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   Sep 02

Bubbles loaded with curcumin that could help to beat bowel cancer

Tiny fat bubbles loaded with a popular curry ingredient may help fight colon cancer.

Curcumin, the yellow pigment of turmeric – a plant from the ginger family often used to give curry its colouring – has been shown to slow the growth and spread of some cancers in early studies.

It has even been shown to kill various types of cancer cells in laboratory dishes. Furthermore, a study at the Ludwig Maximilian University of Munich found that the spice can boost the effectiveness of chemotherapy and make it better at killing bowel cancer cells.

While curcumin is not easily absorbed by cells in the colon, the bubbles are
However, scientists’ efforts to turn curcumin into a treatment have been hampered by problems getting enough of the spice to the tumours. Curcumin is hard for the body to absorb, so very big doses must be taken for even small amounts to reach the colon.

Previous clinical trials at the University of California, with standard curcumin supplements or pills, have shown that in some cases less than a quarter of the dose gets to the target.

Now, cancer specialists have developed a new way to get curcumin to where it is needed using exosomes – bubbles of fat – found in fruit plants.

Identified only a few decades ago, exosomes are structures within almost all types of cells that measure only 50 to 100 nanometers – about the size of the particles that make up smoke.

What is so attractive about exosomes to the scientists trying to turn curcumin into a viable treatment is that they have evolved to move and shuttle material between cells. Now researchers at the James Graham Brown Cancer Center in the U.S. are testing whether exosomes taken from fruit plants can be used to deliver the curcumin to tumours in the colon.

Curcumin, an active ingredient found in turmeric, has been linked with a range of potential health benefits

While curcumin is not easily absorbed by cells in the colon, the bubbles are. So wrapping the two together means the bubbles transport the curcumin into the colon tissue where it can attack the cancer. Scientists have developed a way to get the curcumin to stick to the fat bubbles by spinning them together in a centrifuge. The next step is to compare this method with other forms of delivering curcumin.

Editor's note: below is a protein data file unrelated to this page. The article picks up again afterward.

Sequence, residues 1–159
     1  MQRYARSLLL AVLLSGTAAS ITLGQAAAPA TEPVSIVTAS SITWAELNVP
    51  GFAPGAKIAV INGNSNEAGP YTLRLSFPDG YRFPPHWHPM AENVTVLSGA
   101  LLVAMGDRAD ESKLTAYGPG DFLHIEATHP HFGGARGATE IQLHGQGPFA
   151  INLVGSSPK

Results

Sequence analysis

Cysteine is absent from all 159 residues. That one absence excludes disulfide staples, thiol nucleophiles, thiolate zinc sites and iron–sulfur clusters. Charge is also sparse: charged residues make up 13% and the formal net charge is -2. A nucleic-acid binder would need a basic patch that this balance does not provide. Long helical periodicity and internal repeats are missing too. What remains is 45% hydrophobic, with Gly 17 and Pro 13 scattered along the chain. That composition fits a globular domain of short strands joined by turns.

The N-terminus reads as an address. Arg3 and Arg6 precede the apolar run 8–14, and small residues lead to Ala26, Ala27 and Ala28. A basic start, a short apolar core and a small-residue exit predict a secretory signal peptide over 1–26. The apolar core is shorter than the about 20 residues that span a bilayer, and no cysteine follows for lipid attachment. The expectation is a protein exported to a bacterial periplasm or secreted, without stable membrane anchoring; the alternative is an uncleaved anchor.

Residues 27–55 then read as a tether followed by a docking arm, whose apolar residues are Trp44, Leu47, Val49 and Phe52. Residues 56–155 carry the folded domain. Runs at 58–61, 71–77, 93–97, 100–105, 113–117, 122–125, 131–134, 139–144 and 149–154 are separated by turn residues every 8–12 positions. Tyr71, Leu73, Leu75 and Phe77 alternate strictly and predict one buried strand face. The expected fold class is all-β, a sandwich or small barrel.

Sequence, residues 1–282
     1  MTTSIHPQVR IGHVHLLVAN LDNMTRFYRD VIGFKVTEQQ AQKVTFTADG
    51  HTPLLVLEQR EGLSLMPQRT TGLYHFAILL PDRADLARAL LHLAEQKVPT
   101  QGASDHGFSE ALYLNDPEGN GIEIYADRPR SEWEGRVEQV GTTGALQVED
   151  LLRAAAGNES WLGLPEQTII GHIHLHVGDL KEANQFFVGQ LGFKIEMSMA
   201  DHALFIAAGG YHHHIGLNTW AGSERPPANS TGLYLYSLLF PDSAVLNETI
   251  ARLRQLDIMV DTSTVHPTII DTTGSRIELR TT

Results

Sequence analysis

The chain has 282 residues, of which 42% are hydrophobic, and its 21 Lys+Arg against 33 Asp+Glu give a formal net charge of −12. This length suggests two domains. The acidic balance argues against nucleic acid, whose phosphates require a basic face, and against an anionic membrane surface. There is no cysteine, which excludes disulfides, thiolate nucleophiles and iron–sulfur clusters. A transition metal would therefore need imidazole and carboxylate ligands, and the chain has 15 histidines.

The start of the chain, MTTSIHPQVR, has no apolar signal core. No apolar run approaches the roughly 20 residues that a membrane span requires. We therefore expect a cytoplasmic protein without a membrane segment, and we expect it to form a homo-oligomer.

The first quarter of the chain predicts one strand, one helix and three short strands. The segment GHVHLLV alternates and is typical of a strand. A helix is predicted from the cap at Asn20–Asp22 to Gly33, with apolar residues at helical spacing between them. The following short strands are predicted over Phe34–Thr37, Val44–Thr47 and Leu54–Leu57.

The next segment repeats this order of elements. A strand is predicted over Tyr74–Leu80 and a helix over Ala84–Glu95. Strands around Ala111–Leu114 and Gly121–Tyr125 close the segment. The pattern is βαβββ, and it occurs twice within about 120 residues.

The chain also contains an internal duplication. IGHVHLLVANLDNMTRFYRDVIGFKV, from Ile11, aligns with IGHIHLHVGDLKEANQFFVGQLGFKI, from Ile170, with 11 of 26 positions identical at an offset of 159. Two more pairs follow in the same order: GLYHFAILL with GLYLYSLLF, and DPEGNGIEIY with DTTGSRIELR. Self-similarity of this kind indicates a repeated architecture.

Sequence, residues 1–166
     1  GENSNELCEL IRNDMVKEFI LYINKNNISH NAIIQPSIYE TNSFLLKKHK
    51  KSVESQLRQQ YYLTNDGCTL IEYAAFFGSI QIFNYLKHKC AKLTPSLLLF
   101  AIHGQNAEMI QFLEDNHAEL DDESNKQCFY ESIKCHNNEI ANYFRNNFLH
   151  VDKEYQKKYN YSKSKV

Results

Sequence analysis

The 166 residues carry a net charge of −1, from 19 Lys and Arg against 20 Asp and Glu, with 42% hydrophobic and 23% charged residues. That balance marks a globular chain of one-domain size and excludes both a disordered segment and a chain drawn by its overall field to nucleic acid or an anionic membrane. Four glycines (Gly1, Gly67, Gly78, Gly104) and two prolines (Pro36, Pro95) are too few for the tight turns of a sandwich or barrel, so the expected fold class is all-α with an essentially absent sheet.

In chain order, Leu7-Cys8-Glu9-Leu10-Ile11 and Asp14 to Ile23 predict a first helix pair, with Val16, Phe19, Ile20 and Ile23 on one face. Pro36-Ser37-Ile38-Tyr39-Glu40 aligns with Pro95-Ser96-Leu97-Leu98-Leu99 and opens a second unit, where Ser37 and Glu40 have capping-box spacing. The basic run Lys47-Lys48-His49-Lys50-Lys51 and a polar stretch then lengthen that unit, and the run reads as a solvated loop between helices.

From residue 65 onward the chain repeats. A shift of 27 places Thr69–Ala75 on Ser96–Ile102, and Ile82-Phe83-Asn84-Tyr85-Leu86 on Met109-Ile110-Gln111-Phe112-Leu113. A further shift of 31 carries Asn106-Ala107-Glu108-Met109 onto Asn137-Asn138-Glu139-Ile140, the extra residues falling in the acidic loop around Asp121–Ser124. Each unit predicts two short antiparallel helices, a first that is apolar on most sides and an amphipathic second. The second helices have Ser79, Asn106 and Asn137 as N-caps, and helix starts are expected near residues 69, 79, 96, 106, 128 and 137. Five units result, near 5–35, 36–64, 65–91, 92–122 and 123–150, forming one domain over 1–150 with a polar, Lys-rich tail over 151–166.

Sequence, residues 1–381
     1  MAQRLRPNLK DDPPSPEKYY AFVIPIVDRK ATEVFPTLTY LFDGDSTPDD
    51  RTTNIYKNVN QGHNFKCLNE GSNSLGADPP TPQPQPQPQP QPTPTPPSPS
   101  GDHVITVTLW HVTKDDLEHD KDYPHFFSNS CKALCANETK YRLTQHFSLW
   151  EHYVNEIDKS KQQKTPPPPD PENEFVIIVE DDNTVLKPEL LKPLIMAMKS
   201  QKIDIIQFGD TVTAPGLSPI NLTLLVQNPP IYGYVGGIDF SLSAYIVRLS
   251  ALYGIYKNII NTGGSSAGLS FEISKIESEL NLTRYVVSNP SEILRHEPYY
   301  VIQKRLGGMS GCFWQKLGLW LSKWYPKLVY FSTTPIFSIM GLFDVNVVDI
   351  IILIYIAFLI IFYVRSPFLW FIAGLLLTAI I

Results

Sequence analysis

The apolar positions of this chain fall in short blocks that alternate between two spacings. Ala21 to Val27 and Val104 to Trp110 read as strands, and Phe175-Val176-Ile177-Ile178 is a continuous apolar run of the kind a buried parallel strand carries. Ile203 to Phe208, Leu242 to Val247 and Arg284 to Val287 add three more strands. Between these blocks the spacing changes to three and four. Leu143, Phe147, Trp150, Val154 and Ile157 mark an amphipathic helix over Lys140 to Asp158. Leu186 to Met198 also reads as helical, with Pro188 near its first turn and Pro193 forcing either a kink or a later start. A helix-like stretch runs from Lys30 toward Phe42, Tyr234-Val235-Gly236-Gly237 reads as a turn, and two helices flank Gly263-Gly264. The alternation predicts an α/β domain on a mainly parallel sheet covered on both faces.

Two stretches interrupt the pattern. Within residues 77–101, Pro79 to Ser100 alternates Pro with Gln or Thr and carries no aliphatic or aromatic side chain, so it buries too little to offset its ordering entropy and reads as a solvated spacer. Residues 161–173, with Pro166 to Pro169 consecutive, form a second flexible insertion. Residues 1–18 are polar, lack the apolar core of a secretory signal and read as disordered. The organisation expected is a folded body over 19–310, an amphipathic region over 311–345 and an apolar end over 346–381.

In the forthcoming trial, 35 people newly diagnosed with colon cancer who are scheduled for surgery will take curcumin daily for seven days in an oral supplement. One group will have curcumin mixed with plant exosomes, one with curcumin alone, and the third will have no treatment.

The effects on the three groups will then be compared. When the tumours are surgically removed one week after treatment, doctors will compare the concentration of curcumin in normal and cancerous tissue in patients from the groups.

Both fruit exosomes and curcumin are unlikely to generate any side-effects because they are consumed daily by millions of people.

Dr Emma Smith, senior science information officer at Cancer Research UK, said: ‘This clinical trial is at an early stage and must establish that this new technology is a safe way for people to be given curcumin. Clinical trials are still ongoing, and it will be interesting to see if this new way of delivering it directly to the tumour increases its potency.’

Meanwhile, a new vaccine is being tested that could help to prevent colon cancer.

The jab will prime the immune system to fight polyps, benign growths in the colon, which can turn into cancer over time.

Colon cancer takes years to develop and usually starts with a polyp, an abnormal growth in the intestinal lining. Although polyps can be removed, around 30 to 40  per cent of patients will develop a new one within three years.

The vaccine – MUC1 peptide- poly-ICLC – is being given to patients with newly diagnosed advanced colon polyps in a trial at Massachusetts General Hospital Cancer Center and other centres to see if it prevents them from developing polyps in the future.

The vaccine targets a type of protein called MUC1, which encourages the growth of polyps and cancerous tumours.

Researchers say the vaccine could benefit those at high risk of colon cancer.

Source: Daily Mail

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